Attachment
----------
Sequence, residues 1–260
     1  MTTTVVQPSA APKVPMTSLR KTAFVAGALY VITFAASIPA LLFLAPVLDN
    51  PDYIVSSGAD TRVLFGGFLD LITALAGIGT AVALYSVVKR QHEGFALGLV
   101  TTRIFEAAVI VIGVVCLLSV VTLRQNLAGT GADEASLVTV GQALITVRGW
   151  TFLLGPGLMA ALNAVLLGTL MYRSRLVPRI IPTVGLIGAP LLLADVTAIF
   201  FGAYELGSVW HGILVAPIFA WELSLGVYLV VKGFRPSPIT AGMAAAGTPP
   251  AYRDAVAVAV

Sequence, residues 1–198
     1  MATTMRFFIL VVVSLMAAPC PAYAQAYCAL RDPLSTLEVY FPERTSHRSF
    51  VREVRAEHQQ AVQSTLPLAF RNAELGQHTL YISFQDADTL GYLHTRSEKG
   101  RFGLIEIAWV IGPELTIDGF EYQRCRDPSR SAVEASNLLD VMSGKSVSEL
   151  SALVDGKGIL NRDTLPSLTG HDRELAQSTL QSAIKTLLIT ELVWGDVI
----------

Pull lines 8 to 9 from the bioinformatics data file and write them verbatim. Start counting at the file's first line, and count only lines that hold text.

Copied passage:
Sequence, residues 1–198
     1  MATTMRFFIL VVVSLMAAPC PAYAQAYCAL RDPLSTLEVY FPERTSHRSF